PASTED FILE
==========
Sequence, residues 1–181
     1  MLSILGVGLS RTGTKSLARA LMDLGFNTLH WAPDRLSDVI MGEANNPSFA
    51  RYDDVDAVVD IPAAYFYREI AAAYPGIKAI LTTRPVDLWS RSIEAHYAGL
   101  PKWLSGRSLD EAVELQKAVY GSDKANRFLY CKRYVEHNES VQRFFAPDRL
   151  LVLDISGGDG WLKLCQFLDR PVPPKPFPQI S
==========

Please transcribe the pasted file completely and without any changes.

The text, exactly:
Sequence, residues 1–181
     1  MLSILGVGLS RTGTKSLARA LMDLGFNTLH WAPDRLSDVI MGEANNPSFA
    51  RYDDVDAVVD IPAAYFYREI AAAYPGIKAI LTTRPVDLWS RSIEAHYAGL
   101  PKWLSGRSLD EAVELQKAVY GSDKANRFLY CKRYVEHNES VQRFFAPDRL
   151  LVLDISGGDG WLKLCQFLDR PVPPKPFPQI S